Honda’s new CBR600RR has been one of the most eagerly awaited motorcycles in recent time. So it was with more than a little excitement that I first lifted a leg over their new weapon.
My first thought was that even though the machine looks small, it doesn’t really feel that tiny from the riders perspective. In fact there was noticeably more legroom than some of the supersport opposition. The reach to the bars was comfortable, and all the controls felt immediately comfortable and familiar. I felt at home right away, all up, the riding position seemed just about perfect for me.
We then set out for a 350 kilometre road ride that afternoon to put that first impression to the test. We took in some of the best roads that skirt around the North of Melbourne, before continuing east, and then south to eventually approach Phillip Island from the north-east. My first impressions as to the amount of room the machine offered had been spot on. But the reach to the bars had caused myself, and the other testers, to complain a little of sore wrists after a highway section. The seat is reasonably firm, but I found it supportive, with just enough firm cushioning to provide the right amount of support.
We did travel through a few showers, and I was glad to find the weather protection reasonable. I found this quite surprising considering the diminutive size of the machine. But the fact remains that in moderate showers my visor remained reasonably clear, and my lower legs did not get soaked by puddles etc.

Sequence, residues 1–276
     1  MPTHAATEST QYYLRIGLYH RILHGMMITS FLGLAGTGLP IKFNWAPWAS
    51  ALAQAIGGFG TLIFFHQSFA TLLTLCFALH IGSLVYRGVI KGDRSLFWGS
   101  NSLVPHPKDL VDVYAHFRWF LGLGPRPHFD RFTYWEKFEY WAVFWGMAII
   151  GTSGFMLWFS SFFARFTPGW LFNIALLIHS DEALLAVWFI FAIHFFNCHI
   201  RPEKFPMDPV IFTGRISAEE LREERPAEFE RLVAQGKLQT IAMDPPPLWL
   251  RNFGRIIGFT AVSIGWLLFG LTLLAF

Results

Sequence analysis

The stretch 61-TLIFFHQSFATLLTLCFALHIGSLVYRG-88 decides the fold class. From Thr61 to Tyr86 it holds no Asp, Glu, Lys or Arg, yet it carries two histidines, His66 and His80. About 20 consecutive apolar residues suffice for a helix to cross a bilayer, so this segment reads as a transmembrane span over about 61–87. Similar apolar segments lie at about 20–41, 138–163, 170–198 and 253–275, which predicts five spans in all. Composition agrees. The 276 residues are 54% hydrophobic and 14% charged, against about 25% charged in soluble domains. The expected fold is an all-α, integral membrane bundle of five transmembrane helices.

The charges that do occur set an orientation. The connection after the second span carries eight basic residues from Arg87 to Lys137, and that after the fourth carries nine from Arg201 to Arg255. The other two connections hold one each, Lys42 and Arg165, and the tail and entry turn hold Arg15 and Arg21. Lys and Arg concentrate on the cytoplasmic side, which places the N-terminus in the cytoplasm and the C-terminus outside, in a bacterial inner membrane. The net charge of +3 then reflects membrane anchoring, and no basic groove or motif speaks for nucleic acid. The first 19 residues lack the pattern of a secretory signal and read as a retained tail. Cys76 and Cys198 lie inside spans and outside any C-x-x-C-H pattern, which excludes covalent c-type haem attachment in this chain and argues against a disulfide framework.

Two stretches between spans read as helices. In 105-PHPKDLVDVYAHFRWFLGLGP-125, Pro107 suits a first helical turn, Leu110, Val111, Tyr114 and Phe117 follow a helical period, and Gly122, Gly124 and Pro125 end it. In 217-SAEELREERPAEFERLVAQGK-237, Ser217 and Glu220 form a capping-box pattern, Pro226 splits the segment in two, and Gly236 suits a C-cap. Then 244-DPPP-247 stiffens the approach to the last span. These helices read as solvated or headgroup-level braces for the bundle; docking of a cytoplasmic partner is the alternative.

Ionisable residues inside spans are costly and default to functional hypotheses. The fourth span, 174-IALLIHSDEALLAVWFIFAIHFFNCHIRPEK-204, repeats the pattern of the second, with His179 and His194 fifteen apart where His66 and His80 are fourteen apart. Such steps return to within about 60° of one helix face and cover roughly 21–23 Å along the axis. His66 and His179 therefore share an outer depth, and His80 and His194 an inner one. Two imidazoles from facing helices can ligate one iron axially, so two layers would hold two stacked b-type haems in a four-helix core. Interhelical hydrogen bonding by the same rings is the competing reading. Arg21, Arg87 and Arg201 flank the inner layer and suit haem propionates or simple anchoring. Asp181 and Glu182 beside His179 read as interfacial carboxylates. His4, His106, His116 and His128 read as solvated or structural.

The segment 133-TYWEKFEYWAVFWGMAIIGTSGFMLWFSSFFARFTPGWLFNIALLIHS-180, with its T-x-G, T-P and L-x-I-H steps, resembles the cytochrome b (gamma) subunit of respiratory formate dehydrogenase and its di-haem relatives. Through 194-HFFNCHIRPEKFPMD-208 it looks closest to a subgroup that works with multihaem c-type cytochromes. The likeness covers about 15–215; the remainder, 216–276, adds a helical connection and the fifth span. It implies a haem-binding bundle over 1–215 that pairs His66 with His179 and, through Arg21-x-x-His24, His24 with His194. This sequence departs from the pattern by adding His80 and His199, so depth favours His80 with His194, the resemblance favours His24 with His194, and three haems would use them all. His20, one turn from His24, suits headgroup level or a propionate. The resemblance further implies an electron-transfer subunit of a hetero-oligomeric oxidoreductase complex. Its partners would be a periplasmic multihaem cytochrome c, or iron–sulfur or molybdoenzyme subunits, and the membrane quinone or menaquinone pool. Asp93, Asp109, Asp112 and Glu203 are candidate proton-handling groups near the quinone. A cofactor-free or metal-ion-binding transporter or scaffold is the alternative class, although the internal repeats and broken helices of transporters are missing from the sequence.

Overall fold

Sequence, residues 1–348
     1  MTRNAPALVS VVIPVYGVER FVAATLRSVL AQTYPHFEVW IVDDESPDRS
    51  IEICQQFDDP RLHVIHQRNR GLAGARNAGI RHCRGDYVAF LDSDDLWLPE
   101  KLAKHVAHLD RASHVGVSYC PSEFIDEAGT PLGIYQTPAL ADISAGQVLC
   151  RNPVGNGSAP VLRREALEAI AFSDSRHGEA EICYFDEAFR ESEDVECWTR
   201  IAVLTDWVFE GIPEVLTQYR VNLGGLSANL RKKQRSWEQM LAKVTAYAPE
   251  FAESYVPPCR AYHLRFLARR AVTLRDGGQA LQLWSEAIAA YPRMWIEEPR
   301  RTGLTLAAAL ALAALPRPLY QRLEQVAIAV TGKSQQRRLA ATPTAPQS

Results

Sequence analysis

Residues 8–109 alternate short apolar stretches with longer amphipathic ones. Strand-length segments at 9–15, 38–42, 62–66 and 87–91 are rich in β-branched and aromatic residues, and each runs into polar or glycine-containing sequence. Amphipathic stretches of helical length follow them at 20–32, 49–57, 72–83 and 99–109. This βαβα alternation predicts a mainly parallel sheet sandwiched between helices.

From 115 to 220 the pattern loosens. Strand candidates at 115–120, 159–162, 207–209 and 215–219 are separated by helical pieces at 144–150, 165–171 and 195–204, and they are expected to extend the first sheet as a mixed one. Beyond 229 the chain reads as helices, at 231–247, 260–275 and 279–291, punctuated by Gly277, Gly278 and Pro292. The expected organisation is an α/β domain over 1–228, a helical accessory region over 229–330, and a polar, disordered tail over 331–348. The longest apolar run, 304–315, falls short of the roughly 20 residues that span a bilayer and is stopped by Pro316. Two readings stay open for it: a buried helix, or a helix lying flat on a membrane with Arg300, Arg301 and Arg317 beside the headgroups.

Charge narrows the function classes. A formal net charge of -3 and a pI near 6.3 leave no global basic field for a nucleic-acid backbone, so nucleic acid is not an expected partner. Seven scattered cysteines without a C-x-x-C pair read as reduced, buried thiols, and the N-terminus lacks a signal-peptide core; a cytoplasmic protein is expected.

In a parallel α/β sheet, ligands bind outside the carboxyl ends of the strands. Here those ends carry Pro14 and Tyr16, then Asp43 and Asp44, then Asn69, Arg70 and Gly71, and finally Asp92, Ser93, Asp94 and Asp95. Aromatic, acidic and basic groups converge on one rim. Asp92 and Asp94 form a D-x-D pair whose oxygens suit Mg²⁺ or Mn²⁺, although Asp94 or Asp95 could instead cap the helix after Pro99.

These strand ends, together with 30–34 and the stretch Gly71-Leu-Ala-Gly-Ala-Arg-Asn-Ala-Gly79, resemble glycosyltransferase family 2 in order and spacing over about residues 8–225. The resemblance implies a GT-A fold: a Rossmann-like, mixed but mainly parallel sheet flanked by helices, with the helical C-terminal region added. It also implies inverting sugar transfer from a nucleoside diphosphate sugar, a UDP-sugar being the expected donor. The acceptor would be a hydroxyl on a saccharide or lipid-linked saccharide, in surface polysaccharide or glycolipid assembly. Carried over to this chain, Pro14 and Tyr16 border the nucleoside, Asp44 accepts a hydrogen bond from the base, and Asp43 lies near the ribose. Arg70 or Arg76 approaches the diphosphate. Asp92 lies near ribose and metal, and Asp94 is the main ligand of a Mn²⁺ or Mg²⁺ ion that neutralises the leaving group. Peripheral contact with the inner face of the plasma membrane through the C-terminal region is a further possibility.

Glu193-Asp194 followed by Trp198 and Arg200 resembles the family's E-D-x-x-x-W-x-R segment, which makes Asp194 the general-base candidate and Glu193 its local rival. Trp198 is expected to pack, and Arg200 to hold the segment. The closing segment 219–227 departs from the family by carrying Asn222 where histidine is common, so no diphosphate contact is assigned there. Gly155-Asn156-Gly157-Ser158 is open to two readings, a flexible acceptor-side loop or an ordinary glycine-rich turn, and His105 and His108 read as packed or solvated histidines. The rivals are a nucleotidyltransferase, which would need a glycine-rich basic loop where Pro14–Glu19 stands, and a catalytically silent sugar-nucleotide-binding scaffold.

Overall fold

So, sore wrists aside, the CBR600RR can be toured on by a hard-core sportbiker. Adding to the nice detail touches that make this possible are the luggage hooks provided under the rear ducktail. These are of course invaluable to the occasional tourer who does not want to strap some ugly looking rack contraption to the back of their new thoroughbred. I did not test the pillion accommodation, but needless to say, the machine does not appear to be passenger friendly. There is enough underseat storage for a u-lock or some very small wets but nothing more.
The 18 litre fuel cell incorporates a 3.5 litre reserve. Only a very small amount of fuel is directly under the tank cover as the vast majority of the volume of the fuel load resides down towards the middle of the machine. The reason for this, apart from the obvious centre of gravity benefits, is the cavernous 15 litre air-box. This is where the race technology in the new RC211V starts to show through.
The quartet of 40mm throttle bodies each have conventional 12-hole injectors mounted in their bores, in addition to this, another row of four injectors reside in the roof of the airbox and spray fuel directly over each intake trumpet. These act in a similar way to how an accelerator pump aids a conventional carburettor, this ensures instant response at any revs. These extra injectors come in to play when the revs are above 5,500rpm and spray their fuel a fraction of a second before the main injector during each intake stroke.